Rare books - Sending them through the post
Rare books can be delicate items, and wrapping parcels and postage costs are important to postal booksellers. There are many publications available from the Post Office on these subjects which the postal bookseller should obtain. Ask at the counter for what is available. You should find all the details on postage and packing for the UK and abroad which you need.
Contrary to popular belief, I have always found the postal service to be quite good in this country. The Post Office publishes guides to wrapping parcels itself, and if these guides are followed it is very unlikely that parcels will go astray. The most common causes of parcels being lost are poor packaging and addressing. I am pleased to say that most books arrive on my doorstep in the same condition as when they left the bookseller. However, there are a few exceptions.
The most common problem I have come across is the practice of wrapping books in newspaper. A number of times I have received books wrapped in this way which have their covers stained with newsprint. Another problem which I have encountered is books that have been sandwiched between layers of card-board sheets, which have then been stuck together before wrapping in brown paper. The problem here is that the adhesive tape can stick to the covers of the books. Dust-wrappers are particularly prone to this.
The answer is that all items should first be wrapped in plain paper, then in cellophane to protect against the elements, and finally with whatever padding is needed in strong brown paper with all joins taped over. The padding can be anything from sheets of newspaper to corrugated cardboard. The important point is to wrap the book first in plain paper (a paper bag will do), so that it is not marked in news-print. I usually find that after wrapping in three or four further layers of paper, the books have enough padding to protect them. The natural bulkiness at the ends of the parcel acts as protection to the corners of the book.
For valuable items, it is best to include a layer of corrugated cardboard for extra protection, or to use one of the padded bags available from stationers. Magazine packages should have cardboard stiffeners included to prevent them from being bent in the post.
If a number of items are being sent, I wrap each book in a single layer of plain paper, and then sellotape all the packets together to prevent them moving about and fraying the parcel. I then wrap this package in three or four more layers of paper, and again the final step is a layer of strong brown paper.
For very large orders, it is best to put the individually wrapped items in a strong cardboard box, sealed with sellotape or parcel tape. Your local supermarket should have a large supply of boxes in various shapes and sizes. Any extra space should be stuffed with rolled-up paper to prevent the books moving about. The destination address should be written on the box, which should then be wrapped in brown paper, with the address written on this too.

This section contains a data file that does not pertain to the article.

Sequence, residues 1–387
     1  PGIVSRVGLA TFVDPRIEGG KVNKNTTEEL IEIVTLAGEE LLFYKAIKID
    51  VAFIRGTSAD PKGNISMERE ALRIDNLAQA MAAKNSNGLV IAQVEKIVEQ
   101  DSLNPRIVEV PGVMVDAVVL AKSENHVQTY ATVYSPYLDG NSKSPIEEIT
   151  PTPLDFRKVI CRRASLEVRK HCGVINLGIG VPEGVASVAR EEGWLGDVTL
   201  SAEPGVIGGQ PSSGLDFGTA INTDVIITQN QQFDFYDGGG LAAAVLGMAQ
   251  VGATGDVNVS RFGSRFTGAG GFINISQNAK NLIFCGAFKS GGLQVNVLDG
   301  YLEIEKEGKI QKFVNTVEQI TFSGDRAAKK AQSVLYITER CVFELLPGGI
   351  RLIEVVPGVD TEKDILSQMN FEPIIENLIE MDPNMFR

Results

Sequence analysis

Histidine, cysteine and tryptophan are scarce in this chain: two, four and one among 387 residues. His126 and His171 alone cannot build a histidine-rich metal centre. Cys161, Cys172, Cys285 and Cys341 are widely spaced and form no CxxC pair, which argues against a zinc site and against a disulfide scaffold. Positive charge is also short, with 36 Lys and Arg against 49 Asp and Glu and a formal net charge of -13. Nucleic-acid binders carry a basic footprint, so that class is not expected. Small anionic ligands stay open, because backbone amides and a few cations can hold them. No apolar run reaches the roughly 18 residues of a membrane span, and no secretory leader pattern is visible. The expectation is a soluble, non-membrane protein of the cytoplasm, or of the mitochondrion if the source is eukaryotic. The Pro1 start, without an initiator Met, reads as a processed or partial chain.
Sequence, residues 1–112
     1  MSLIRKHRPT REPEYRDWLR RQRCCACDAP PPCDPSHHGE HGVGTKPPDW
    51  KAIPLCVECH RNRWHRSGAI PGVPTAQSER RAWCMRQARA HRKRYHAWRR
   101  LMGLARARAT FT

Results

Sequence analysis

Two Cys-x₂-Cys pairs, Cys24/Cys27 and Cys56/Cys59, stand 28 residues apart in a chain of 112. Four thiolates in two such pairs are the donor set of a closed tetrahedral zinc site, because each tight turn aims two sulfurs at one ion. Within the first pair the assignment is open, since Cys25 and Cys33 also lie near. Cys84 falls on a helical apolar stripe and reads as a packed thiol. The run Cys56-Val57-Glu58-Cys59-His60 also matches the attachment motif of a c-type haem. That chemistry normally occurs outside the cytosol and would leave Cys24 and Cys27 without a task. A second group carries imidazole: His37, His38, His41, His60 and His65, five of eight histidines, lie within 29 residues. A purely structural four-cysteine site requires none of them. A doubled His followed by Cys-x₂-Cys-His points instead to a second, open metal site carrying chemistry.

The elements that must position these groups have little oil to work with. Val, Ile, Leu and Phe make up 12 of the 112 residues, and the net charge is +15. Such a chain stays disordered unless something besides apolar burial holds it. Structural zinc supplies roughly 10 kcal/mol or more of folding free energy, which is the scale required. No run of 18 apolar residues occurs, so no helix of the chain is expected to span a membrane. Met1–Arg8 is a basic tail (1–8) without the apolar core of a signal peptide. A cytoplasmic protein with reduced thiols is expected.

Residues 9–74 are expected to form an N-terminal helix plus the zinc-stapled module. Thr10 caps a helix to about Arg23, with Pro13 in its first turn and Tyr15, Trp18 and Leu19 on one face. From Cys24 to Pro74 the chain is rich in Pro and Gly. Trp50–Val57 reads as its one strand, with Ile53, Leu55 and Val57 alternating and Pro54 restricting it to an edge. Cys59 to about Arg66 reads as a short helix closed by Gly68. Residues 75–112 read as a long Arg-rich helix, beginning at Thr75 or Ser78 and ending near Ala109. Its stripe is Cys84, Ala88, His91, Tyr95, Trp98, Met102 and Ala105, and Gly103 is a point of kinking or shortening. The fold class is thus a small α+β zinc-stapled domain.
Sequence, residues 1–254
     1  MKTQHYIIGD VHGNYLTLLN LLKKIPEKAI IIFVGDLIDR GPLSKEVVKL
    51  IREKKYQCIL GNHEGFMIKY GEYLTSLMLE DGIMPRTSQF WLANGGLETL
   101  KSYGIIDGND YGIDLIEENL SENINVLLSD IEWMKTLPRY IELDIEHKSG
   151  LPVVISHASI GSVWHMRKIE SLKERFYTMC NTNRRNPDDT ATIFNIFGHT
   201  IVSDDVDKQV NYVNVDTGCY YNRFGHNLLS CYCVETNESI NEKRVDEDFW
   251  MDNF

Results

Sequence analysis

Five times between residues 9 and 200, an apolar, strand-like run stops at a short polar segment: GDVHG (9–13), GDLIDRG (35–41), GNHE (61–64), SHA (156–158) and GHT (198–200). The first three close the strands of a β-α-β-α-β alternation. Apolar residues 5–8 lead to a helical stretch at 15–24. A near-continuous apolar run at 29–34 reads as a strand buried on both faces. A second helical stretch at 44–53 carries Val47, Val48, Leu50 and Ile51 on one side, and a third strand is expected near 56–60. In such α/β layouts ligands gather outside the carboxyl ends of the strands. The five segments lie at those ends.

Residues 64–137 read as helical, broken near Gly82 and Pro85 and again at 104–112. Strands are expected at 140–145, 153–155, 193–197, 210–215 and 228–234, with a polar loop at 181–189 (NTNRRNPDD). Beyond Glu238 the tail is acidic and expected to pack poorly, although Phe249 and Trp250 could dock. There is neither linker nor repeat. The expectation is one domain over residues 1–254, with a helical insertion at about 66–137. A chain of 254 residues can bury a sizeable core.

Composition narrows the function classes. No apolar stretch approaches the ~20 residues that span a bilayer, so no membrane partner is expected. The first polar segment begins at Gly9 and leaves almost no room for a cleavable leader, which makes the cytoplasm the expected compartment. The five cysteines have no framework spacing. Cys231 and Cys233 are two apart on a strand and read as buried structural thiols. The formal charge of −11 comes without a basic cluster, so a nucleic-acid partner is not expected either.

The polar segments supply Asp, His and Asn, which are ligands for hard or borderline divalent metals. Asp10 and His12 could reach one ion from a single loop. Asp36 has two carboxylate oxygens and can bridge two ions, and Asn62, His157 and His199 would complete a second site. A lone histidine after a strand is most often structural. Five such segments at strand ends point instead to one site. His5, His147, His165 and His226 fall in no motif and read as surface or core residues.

However, even with the best packaging, it is still possible for parcels to go astray. The dealer should accept financial liability for this, and so for valuable items it is wise to have some insurance via the 'Compensation fee' service provided by the Post Office. In this context, I would deem 'valuable' to be any sum you would find inconvenient to write off as a loss. Personally I insure any parcel of value over £20, and I also offer the customer the option to pay half the money with the order, and half on receipt of the package. However, this is a matter for individual booksellers. The Post Office offers insurance at very reasonable rates. More valuable items may be, insured at extra cost.
Special techniques have to be adopted when sending abroad. In this case, you can make use of the 'Printed Paper' rate which enables books to be sent abroad quite cheaply. One proviso is that packages need to be able to be opened and resealed by customs officers. The best solution I have found is to use padded 'Jiffy' bags, sealed using plastic coated wires usually used for sealing bin liners. These wires can be threaded through the punched holes in the bag and twisted to seal the package.
It is also a requirement that no letter is contained in the package. Thus, the bill for the books should be sent with a separate letter by airmail. Details of the 'Printed Papers' service and other overseas details are available from the Post Office.
As regards payment from abroad, most banks will readily accept cheques in whatever currency they are presented. However, they will almost certainly make a 'conversion charge' for this service which varies from bank to bank. It is advisable to find how much the cheque will cost to convert, and to pass this on to the customer. If you advertise your books as 'UK postage paid' only, you should also ask the customer to pay the extra postage and packing costs in sending books overseas.